4. Avoid rubbing or facial massage. Use cotton pads to wash the face if necessary.
5 Have a soft diet with high calorie content; avoid foods that are difficult to chew. Chew on the unaffected I side of the mouth.
(Option 2) A high-fiber diet is not required for a client with trigeminai neuralgia, and the additional chewing with higher-fiber foods may serve as a pain trigger.
(Option 3) Clients with trigeminai neuralgia are encouraged not to massage the face as this can trigger pain.
The primary intervention for trigeminai neuralgia includes pain control and limiting pain triggers. The drug of choice is carbamazepine. Triggers can include washing the face, chewing food, brushing teeth, yawning, or talking. Carbamazepine is associated with agranulocytosis (leukopenia) and infection risk. Clients should be advised to report any fever or sore throat.
A client having an ischemie stroke arrives at the emergency department. The health care provider prescribes tissue plasminogen activator (tPA). Which client statement would be most important to clarify before administering tPA?
· 1. “I cant believe this is happening right after my stomach surgery.” (42°/o)
Tissue plasminogen activator (tPA) dissolves clots and restores perfusion in clients with ischemic stroke. lt must be administered within a 3- to 41/2-hour window from onset of symptoms for full effectiveness. The nurse assesses for contraindications to tPA due to the risk of hemorrhage.
The client should not have a history of intracranial hemorrhage or be actively bleeding. Surgery within the last 2 weeks is a contraindication as tPA dissolves all clots in the body and may disrupt the surgical site. This client indicates a recent stomach surgery, which would need further clarification to determine eligibility to receive tPA (Option 1).
(Option 2) A client’s history of stroke or head trauma in the last 3 months could exclude tPA use.
(Option 3) The nurse should determine when the client first developed stroke symptoms. tPA can be administered if symptoms started within the last 3 to 41/2 hours or based on facility guidelines.
(Option 4) Current anticoagulant use may exclude a client from receiving tPA. The duration of action for warfarin is 2-5 days; this client can safely receive tPA as warfarin was discontinued 4 weeks ago. However, if pending coagulation studies drawn prior to tPA administration are elevated, the infusion may be discontinued.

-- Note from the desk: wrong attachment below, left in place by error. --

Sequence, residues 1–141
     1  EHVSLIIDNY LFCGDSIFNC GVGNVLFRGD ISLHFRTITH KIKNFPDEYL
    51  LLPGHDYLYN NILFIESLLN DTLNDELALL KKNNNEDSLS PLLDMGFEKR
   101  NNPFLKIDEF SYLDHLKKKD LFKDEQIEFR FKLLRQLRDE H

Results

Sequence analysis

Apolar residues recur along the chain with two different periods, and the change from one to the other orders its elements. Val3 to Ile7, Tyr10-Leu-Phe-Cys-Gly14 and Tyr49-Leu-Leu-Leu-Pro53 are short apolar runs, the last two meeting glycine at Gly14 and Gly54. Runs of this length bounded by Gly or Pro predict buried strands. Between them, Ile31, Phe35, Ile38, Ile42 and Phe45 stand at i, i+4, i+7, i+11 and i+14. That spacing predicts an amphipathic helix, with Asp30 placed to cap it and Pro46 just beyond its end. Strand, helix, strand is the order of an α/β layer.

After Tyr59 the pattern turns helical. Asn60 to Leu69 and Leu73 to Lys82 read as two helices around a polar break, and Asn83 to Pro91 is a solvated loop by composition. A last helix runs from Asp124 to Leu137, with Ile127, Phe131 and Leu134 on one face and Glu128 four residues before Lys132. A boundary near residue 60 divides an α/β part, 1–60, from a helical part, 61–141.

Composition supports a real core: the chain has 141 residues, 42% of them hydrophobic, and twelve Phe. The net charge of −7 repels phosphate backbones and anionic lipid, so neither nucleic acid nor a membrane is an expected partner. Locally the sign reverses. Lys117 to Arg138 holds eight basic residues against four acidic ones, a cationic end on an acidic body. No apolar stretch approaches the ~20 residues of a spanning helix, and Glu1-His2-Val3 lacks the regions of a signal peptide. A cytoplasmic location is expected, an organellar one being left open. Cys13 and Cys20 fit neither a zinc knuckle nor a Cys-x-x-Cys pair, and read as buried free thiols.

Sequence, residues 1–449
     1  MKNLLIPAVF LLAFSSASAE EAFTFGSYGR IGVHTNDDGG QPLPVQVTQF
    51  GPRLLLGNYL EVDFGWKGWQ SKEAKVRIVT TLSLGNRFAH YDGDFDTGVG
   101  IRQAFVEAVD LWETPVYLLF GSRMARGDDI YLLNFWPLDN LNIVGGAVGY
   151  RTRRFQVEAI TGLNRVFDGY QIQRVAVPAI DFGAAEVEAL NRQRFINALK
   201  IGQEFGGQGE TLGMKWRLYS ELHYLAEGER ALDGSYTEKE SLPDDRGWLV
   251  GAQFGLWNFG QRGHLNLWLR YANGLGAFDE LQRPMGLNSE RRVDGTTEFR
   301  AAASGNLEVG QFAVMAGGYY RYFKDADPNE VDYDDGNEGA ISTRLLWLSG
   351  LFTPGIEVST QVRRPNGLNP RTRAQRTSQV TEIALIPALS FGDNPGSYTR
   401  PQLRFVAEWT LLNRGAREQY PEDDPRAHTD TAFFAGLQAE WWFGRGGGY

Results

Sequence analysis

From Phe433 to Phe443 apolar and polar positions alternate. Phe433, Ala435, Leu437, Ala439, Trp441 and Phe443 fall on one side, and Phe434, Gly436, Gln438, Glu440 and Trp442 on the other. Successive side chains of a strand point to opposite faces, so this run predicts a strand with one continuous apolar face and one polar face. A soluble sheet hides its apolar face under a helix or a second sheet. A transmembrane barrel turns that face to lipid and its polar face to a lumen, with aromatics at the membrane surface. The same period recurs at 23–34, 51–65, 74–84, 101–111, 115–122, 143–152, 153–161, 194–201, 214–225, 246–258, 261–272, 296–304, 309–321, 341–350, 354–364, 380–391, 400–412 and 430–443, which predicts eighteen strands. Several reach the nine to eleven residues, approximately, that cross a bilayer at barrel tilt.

Tissue plasminogen activator (tPA) dissolves clots in an ischemie stroke and must be administered within a 3- to 4Y2-hourwindow from onset of symptoms. The nurse assesses for contraindications to tPA due to the risk of hemorrhage.
The nurse in the same-day surgery unit admits a client who will receive general anesthesia. The client has never hadl surgery before. Which question is most critical for the nurse to ask the client dung the preoperative assessment and health history?
· “Has any family member ever had a bad reaction. to general anesthesia?” (59%)
Malignant hyperthermia (MH) is a rare but life-threatening inherited muscle abnormality that is triggered by specific, inhaled
anesthetic agents and the depolarizing muscle relaxant succinylcholine (Anatine) used to induce general anesthesia.
In MH-susceptible clients, the triggering agent leads to excessive release of calcium from the muscles, leading to sustained muscle
contraction and rigidity (usually of the jaw and upper body [early sign]), increased oxygen demand and metabolism, and dangerously
high temperature (later sign).
As MH is an inherited condition, proper screening and a thorough preoperative nursing assessment and health history can help
minimize the client’s risk (Option 1).